Northwestern goes cold in second half, drops B1G home opener to Minnesota
At the start of Northwestern’s Big Ten home opener against Minnesota, it seemed like the Wildcats couldn’t miss from the field.
Trailing in the game’s final minutes, the ‘Cats went ice cold.
Northwestern relinquished a second half lead and missed an opportunity for a resume-building win as the Golden Gophers topped the Wildcats 70-66 Thursday night at Welsh-Ryan Arena.
Northwestern (12-4, 1-2) went up 47-40 with 12:55 to play on a steal and slam by Scottie Lindsey, bringing a roaring crowd to its feet. But Minnesota responded with a backbreaking 10-0 run and held on the rest of the way.
“That was the critical point of the game,” Northwestern head coach Chris Collins said. “We weren’t able to combat that with scores and our guys were tired and [Minnesota] kept bringing the energy.
“It was a tale of two games, I thought.”
The stats agree.
Both teams were firing on all cylinders early on. Northwestern made its first seven field goals and four three pointers of the game during a quick start. Vic Law’s missed three pointer 6:42 into the game was Northwestern’s first missed field goal.
The narrative changed in the second half. After connecting on 5 of its 11 first half three pointers, Northwestern shot a putrid 1-of-15 from deep in the second frame. Northwestern had chances to rally down by three with under three minutes to go, but couldn’t get any perimeter shots to fall.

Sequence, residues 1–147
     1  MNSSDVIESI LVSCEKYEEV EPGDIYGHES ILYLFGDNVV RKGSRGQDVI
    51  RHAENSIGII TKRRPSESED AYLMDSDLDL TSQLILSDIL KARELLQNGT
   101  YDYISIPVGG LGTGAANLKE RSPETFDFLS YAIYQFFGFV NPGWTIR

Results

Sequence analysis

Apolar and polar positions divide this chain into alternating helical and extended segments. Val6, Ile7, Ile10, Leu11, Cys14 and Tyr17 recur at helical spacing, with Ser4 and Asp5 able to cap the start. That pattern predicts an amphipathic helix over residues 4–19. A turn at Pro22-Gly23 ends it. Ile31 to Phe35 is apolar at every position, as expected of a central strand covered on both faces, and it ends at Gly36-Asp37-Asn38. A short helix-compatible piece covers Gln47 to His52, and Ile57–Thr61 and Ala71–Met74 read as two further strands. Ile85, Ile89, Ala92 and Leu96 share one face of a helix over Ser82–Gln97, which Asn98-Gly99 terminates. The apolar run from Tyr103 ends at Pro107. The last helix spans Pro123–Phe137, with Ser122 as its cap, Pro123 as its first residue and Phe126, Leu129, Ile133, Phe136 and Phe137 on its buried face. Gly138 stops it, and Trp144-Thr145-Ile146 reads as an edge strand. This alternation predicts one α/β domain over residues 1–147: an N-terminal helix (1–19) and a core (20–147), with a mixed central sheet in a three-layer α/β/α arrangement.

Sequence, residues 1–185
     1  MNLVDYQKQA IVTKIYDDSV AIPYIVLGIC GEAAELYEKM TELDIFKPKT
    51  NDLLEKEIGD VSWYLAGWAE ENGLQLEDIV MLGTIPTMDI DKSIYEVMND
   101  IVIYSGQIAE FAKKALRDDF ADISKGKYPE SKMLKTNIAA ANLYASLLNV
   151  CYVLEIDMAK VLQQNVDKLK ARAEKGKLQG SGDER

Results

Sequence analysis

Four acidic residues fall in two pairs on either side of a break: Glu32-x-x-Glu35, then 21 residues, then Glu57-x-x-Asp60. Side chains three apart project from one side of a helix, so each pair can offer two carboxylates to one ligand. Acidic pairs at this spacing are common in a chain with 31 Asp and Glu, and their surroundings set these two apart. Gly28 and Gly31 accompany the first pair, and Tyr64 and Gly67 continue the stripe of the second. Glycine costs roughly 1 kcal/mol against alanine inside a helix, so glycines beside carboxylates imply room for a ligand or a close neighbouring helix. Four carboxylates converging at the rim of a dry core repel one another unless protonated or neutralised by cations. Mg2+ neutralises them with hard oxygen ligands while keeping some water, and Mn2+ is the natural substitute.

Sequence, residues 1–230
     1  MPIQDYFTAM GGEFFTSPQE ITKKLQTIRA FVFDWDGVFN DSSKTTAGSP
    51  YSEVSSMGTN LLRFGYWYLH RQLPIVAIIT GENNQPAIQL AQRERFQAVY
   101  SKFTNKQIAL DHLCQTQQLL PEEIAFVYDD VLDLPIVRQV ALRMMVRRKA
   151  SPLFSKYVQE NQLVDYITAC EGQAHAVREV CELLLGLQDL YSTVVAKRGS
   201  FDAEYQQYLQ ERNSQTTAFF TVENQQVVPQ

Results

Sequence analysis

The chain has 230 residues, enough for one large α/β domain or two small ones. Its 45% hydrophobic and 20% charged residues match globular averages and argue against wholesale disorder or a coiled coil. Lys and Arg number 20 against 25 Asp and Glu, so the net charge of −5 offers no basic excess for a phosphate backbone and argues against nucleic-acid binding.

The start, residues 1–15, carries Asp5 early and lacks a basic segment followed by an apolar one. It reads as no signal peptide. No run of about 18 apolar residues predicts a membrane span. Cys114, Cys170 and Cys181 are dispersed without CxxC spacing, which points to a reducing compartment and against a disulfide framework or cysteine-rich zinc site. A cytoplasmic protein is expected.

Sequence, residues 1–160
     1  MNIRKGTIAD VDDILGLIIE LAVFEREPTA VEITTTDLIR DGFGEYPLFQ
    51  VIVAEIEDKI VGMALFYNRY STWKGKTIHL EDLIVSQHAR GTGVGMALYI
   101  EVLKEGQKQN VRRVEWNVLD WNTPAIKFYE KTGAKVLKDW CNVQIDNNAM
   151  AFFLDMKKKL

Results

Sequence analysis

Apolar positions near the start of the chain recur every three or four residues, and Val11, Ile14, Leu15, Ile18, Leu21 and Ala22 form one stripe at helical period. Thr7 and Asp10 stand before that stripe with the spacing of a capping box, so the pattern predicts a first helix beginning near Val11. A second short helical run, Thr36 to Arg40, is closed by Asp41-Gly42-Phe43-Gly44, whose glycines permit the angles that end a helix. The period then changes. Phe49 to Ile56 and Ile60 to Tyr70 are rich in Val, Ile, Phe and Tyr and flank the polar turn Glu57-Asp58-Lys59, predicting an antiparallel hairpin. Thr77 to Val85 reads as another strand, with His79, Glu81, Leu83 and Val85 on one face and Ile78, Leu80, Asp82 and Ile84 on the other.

“I have to look at the tape but I’m pretty sure 10 of those were wide open,” said Collins in reference to the second half three-point shooting numbers. “We didn’t get out-fought, we got outplayed.”
It was a frustrating end to a productive night for Bryant McIntosh, who led Northwestern with 21 points, 14 of which came in the first half. The rest of the backcourt struggled, however; Lindsey, Northwestern’s leading scorer this season, scored eight points and failed to reach double figures for the first time this year. Isiah Brown and Jordan Ash combined for three points in nine minutes.
Minnesota (14-2, 2-1) also struggled offensively in the second half, shooting only 32 percent. But the Gophers made 14 of their 18 second half free throws and were buoyed by the play of guards Amir Coffey and Nate Mason. Coffey had 17 on 7-of-12 shooting to lead the Gophers, while Mason scored 12 points and went 8-8 on free throws in the final minute to salt the game away.
“Our guys really dug in defensively in the second half,” Minnesota head coach Richard Pitino said after the game. Pitino’s Golden Gophers are 14-2 and have momentum after back-to-back conference wins. Pitino said his group is “starting to believe.”
For Northwestern, it was another bitter lapse late in a close game.
“No one is feeling sorry for us,” McIntosh said. “I’m not feeling sorry for us. We didn’t make enough plays down the stretch. They made the plays down stretch and we didn’t and that’s how you lose games in this league.”
Dererk Pardon, who returned from a hand injury that kept him out of eight games, echoed that sentiment.
“We just didn’t make open shots tonight, plain and simple,” the sophomore big man said. “We know it’s a long season. We have another 15 games left in the conference and can easily turn it around.”
The Wildcats’ first chance to do that comes Sunday afternoon on the road against Nebraska. The Cornhuskers are 3-0 to start conference play.